Five small but common mistakes writers make

Posted on March 4, 2016


As a content editor, my job is to quibble over matters that would not be picked up by the casual reader and ponder over whether an em dash should be a semicolon, an -ise suffix should be an -ize, and a ‘less’ should be a ‘fewer’. Experience in doing this actually begins to train your brain to reject certain turns of phrase and immediately set off alarm bells when it sees them.

I’ve picked out five seemingly innocuous errors that I probably wouldn’t have noticed before I became an editor, but I now can’t leave alone:

1. “This includes X, Y, Z and much more”

This is a very personal one, and something I’ve never heard anyone else complain about it, but for me it’s possibly the single most irritating writing habit of them all.

How often do you see a sentence along these lines?

“The fair will include games, a car boot sale, refreshments and more.”

It’s common salesy language, and it’s said often enough to have become widely accepted, but it’s at best a redundancy and at worst nonsense. The word ‘include’ means ‘to comprise or contain as part of a whole’, so the fact that there is ‘more’ besides this is a given. I find it deeply annoying and little more than a way to pad out text to hit a word count.

2. Whereas vs. whereby

I often see these two words mixed up. They look similar, but they have completely different meanings and are often misused. A good example of this is:

“This is a scheme whereas people save up money to pay for holidays.”

Incorrect! The ‘whereas’ should be ‘whereby’.

‘Whereby’ means ‘by which’ or ‘so that’. ‘Whereas’ means ‘in contrast’, so you might say “I went on holiday, whereas you didn’t”.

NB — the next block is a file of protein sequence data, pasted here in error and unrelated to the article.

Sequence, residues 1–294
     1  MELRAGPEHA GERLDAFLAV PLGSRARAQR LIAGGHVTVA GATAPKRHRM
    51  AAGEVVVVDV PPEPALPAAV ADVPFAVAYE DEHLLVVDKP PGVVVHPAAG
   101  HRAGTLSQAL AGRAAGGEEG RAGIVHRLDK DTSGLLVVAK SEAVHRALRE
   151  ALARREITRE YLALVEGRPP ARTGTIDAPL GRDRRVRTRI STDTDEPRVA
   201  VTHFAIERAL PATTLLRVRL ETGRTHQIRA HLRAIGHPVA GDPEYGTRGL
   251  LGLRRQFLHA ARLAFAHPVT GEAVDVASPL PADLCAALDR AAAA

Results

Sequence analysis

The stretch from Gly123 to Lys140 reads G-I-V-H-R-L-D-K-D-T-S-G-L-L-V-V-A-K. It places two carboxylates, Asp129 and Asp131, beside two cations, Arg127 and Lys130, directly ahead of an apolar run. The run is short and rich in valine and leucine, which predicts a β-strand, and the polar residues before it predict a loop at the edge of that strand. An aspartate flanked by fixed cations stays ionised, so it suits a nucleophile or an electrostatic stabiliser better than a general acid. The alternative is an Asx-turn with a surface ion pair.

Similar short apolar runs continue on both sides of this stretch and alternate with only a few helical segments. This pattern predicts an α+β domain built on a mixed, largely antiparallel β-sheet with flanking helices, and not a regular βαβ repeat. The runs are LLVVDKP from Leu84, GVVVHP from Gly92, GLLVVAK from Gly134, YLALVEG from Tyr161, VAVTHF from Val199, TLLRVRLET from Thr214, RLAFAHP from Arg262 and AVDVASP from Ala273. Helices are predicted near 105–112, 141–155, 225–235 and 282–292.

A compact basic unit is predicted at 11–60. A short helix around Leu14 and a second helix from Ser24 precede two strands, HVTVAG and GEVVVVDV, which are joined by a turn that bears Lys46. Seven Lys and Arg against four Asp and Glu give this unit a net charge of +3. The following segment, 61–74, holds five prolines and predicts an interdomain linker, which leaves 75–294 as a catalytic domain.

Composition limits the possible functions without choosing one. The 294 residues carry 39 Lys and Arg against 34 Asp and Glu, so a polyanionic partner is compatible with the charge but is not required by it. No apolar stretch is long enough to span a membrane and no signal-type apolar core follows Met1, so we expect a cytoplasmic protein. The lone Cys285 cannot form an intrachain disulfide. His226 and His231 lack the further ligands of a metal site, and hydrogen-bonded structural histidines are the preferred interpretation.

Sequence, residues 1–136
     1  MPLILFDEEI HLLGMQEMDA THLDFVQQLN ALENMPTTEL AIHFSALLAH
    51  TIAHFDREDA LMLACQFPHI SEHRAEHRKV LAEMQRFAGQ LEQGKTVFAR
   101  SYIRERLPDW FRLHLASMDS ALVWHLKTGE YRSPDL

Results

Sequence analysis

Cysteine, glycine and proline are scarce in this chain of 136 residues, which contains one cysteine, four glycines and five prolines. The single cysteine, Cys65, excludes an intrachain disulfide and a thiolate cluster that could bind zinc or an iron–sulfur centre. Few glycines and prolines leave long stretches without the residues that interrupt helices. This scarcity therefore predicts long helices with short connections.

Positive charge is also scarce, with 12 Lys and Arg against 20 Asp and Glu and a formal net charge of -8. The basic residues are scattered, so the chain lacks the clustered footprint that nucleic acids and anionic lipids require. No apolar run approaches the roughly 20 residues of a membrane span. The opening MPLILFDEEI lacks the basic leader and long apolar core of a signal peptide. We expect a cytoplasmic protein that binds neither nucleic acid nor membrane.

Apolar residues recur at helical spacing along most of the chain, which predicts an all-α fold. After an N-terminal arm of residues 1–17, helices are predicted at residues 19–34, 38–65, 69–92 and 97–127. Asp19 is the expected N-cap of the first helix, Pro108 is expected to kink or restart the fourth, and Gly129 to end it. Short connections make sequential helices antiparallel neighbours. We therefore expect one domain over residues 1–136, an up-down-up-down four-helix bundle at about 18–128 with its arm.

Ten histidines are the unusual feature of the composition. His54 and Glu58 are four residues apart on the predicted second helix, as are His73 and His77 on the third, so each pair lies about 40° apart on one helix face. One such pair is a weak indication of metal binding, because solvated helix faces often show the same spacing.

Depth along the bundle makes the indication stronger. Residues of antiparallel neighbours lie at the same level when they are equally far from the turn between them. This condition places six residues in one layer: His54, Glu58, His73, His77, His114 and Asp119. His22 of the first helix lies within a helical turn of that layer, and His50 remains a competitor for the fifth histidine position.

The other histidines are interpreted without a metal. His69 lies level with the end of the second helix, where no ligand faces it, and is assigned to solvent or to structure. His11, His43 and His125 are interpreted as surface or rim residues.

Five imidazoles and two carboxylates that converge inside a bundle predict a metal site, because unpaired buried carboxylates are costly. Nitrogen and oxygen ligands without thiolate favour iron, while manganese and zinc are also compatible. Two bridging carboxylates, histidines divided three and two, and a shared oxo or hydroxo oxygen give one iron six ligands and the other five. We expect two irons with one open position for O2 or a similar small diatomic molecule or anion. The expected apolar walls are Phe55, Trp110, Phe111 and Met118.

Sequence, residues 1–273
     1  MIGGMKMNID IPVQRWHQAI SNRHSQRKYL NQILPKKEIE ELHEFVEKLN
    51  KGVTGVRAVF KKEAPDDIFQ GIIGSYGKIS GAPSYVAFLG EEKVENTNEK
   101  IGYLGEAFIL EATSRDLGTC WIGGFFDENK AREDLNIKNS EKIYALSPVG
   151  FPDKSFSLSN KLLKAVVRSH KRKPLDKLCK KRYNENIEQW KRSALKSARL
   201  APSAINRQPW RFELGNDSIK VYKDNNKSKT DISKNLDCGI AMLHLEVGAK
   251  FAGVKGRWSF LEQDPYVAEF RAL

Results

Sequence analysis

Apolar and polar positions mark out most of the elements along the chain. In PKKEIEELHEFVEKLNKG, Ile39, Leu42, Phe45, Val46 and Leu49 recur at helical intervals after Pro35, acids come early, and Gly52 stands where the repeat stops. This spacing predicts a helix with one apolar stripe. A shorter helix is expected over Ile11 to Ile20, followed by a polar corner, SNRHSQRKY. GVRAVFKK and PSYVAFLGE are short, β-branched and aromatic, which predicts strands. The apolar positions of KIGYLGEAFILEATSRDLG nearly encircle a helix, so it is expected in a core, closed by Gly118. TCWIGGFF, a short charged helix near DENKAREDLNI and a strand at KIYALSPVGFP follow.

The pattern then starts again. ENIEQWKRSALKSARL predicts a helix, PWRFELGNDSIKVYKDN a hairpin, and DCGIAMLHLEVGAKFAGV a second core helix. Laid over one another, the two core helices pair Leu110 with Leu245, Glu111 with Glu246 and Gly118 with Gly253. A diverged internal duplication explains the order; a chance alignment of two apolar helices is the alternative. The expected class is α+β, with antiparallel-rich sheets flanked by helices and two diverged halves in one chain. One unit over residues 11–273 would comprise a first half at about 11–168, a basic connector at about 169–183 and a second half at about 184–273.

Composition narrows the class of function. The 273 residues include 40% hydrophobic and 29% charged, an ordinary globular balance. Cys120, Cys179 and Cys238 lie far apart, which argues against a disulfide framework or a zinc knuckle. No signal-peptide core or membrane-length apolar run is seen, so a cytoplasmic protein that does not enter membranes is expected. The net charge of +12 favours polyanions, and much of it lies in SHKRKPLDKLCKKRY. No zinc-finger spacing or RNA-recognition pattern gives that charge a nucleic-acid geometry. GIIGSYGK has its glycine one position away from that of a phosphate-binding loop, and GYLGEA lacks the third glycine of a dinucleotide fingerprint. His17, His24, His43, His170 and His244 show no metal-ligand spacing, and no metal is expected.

3. “Somewhat of”

The words ‘somewhat’ and ‘something’ have very different functions. The former is an adverb, while the latter is a pronoun. Confused writers will often come out with a phrase like:

“This remains somewhat of a mystery.”

Unfortunately, this doesn’t make sense, and the phrase they are looking for is “something of a mystery”. You could say “somewhat mysterious” though.

4. “Different than”

This might be controversial, as some writers and grammarians argue that ‘different than’ is perfectly OK. Personally, I don’t think it is, and usually use ‘different to’ or occasionally ‘different from’.

The word ‘than’ is used to make a comparison between different values, as in ‘bigger than me’, ‘smaller than you’, or anything else with a comparative adjective (usually one ending in -er). ‘Different’ is different – we can’t say ‘differenter’ – so ‘than’ should really be avoided.

5. Less vs. fewer

We’ll end with this old chestnut, which a lot of people still get wrong.

If you want to say that there isn’t as much of something that’s a mass and can’t be counted individually, like air, water or soup, you say there is ‘less’ of it. However, if it’s individual items, you should use ‘fewer’.

For example:

“I ate less chocolate than him.”


“I ate fewer chocolates than him.”

This might seem like a tedious rule dreamt up by grammarians and kept alive by pedants who enjoy telling other people they’re wrong, but in some cases it can actually aid clarification. Consider the following two sentences:

“Due to NHS cuts, the clinic has less qualified doctors.”

“Due to NHS cuts, the clinic has fewer qualified doctors.”

These have quite different meanings. The first means that the doctors at the clinic are now not as qualified, while the second indicates that there are not as many qualified doctors there.

Having said that, there’s no equivalent for ‘more’, so a double meaning would arise if ‘more’ was used instead of ‘less’ or ‘fewer’ in the above examples. Perhaps we just need to accept ‘less’ and ‘fewer’ as a little peculiarity of English that we need to get right.

Small as these errors are, I generally find that writers only need them pointed out once before they stay in their minds. If you were unsure about how to use any of these phrases, I hope you’re more confident now!

Content Team Leader at Engage Web
John works for Engage Web as a Content Team Leader and regularly contributes to the website and programmes of his beloved Chester F.C.
John Murray
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